Unix & Linux Stack Exchange is a question and answer site for users of Linux, FreeBSD and other Un*x-like operating systems. Join them; it only takes a minute:

Sign up
Here's how it works:
  1. Anybody can ask a question
  2. Anybody can answer
  3. The best answers are voted up and rise to the top

I need to call a modified version of a program in /home/user_name/bin rather than the (older) version in /opt/program_name/current on a CentOS 5.3 cluster. The program creates a tcsh script using python and then executes that script.

I can overwrite the PATH to call the modified version of the program in ~/bin, such that which program_name identifies the path to ~/bin. I have done this in .bashrc, .profile, .tcshrc, and .cshrc. However, each time the tcsh is executed, environmental variables from /etc/profile are loaded and the path gets reverted to /opt/program_name/current.

These program-specific variables are set when /etc/profile.d/program_name.sh is called by /etc/profile:

# /etc/profile 
for i in /etc/profile.d/*.sh ; do
    if [ -r "$i" ]; then
        . $i
unset i

Thus, when program_name.sh is called, the corresponding script is:

# /etc/profile.d/program_name.sh
setenv PATH ${PATH}:/opt/program_name/current

How can I prevent /etc/profile from being accessed by my user account?

I do not have su access and other users are still using the older version of the software in /opt/program_name/current so I can't update the software or modify settings in /etc/profile.d/program_name.sh

share|improve this question

tcsh doesn't spontaneously read /etc/profile, there must be something in the script causing this. A likely possibility (but not the only one) is that the script starts with #!/bin/tcsh -l, so tcsh acts as a login shell. That still won't cause it to read /etc/profile, but it will cause it to read /etc/csh.login, which may read other files (I don't know what CentOS ships in csh.login nor how your system administrators have customized it).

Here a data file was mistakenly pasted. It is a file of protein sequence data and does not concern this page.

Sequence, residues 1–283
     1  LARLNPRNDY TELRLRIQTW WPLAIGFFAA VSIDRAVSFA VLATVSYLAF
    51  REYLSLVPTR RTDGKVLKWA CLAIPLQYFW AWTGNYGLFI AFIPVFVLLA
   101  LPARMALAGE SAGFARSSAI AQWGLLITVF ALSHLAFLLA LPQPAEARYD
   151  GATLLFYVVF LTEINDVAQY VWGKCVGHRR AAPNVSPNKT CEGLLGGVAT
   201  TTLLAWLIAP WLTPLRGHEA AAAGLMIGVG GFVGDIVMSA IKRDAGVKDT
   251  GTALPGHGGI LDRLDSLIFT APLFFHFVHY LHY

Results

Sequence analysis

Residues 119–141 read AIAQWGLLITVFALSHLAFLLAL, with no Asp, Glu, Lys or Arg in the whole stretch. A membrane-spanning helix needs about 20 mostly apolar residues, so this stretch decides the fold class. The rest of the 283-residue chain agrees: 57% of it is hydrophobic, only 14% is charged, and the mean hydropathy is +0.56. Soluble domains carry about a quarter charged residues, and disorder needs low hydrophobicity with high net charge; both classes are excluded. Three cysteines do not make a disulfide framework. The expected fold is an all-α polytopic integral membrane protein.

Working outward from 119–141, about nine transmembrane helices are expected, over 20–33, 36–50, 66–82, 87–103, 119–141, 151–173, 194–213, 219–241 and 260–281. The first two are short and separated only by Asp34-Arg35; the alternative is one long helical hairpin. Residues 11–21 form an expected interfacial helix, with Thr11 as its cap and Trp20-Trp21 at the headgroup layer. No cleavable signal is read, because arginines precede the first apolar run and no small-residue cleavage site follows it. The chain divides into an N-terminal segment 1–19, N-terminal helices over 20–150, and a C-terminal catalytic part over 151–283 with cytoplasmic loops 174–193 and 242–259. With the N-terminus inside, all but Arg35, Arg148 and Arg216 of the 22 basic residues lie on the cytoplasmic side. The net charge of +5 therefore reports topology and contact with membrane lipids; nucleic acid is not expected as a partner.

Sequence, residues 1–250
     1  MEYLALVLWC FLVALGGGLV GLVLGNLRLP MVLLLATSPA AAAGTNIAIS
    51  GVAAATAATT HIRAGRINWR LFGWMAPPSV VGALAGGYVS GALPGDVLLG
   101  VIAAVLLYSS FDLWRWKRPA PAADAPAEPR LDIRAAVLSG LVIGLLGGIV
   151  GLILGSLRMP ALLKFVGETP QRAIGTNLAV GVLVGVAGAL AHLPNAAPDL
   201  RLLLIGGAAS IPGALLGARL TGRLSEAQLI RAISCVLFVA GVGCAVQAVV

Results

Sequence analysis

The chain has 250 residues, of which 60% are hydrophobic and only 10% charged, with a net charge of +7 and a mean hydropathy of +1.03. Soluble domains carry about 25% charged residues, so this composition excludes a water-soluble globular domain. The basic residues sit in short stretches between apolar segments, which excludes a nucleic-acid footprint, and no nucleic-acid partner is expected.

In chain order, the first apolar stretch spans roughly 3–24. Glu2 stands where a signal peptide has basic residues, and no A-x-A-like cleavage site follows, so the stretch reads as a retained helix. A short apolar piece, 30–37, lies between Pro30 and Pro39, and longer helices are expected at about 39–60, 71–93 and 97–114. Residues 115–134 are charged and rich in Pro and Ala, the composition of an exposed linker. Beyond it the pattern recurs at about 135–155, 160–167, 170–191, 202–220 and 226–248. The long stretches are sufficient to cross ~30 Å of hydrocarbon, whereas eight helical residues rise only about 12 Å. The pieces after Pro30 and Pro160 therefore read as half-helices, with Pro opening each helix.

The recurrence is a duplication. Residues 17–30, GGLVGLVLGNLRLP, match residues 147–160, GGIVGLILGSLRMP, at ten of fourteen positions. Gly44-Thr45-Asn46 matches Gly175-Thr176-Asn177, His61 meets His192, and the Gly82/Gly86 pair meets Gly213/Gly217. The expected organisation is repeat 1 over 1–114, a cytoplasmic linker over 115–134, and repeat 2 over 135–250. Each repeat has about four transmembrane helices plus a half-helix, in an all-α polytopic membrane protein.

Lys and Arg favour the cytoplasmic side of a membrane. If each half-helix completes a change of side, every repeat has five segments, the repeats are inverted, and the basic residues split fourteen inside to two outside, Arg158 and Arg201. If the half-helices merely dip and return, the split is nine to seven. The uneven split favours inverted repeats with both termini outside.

After reading /etc/csh.login, tcsh reads ~/.login. Depending on how it's been configured, it may read ~/.login before, after, or instead of ~/.tcshrc. So be sure to try overriding PATH in ~/.tcshrc as well.

If that doesn't work, modifying the Python script may be your best bet. If the code is in a module, you may be able to work around it by putting a wrapper module in PYTHONPATH that loads the original and makes a few changes.

If that fails, there is no easy way to “redirect” the access the program executable or to tcsh. This is possible in principle by using LD_PRELOAD to wrap around a few file access functions (if all the programs involved are dynamically linked and not set[ug]id), but it's a lot of work.

There may well be an easier way by hooking into the script somewhere, e.g. overriding one of the programs called near the beginning of the script with a function defined in your .cshrc. It's difficult to be more precise without seeing that script.

share|improve this answer
The problem of calling environmental variables when tcsh is invoked appears to be global and not limited to my script. I tried installing a local copy of tcsh in ~/bin/ and I set my PATH in ~/.bashrc ~/.profile ~/.cshrc and ~/.tcshrc to look in ~/bin before /bin. As a result, which tcsh returns /home/user_name/bin/tcsh but when i type tcsh it still loads environmental variables from elsewhere. – David Nov 26 '12 at 16:44
@David Run strace -eopen tcsh to see what files it's reading. – Gilles Nov 26 '12 at 17:20
strace isn't installed on the Cluster. When I run strace -eopen tcsh on the head node I get back the paths I expect. In fact, tcsh behaves as expected when I initially log into the head node. I think that connecting to the Sun Grid Cluster nodes is pulling global variables from /etc/csh.cshrc. I can't find the setenv variables specified elsewhere. /etc/csh.cshrc executes /etc/profile.d/*.csh which contains the program-specific setenv PATH ${PATH}:/opt/program_name/current calls. These variables are set every time tcsh is called, overwriting my $PATH. – David Nov 27 '12 at 0:20

Your Answer


By posting your answer, you agree to the privacy policy and terms of service.

Not the answer you're looking for? Browse other questions tagged or ask your own question.